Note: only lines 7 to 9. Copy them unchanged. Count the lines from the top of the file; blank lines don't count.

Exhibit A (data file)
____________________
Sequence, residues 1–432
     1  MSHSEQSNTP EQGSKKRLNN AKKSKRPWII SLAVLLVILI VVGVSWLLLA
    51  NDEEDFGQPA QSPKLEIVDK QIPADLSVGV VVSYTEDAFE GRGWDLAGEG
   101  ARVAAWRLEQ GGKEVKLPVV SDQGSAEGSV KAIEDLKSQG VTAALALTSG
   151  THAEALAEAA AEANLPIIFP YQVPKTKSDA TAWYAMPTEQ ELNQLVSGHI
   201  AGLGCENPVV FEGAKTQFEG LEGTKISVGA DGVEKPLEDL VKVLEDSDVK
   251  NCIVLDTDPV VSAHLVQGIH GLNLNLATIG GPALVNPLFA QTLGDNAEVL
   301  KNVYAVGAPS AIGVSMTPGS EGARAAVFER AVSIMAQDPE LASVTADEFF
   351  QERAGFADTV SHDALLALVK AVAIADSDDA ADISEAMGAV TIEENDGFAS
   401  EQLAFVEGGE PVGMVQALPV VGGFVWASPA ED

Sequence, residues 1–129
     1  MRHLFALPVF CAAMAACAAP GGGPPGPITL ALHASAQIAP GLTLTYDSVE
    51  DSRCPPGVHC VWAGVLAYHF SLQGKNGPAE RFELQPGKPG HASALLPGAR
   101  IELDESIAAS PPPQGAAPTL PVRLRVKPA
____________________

   251  NCIVLDTDPV VSAHLVQGIH GLNLNLATIG GPALVNPLFA QTLGDNAEVL
   301  KNVYAVGAPS AIGVSMTPGS EGARAAVFER AVSIMAQDPE LASVTADEFF
   351  QERAGFADTV SHDALLALVK AVAIADSDDA ADISEAMGAV TIEENDGFAS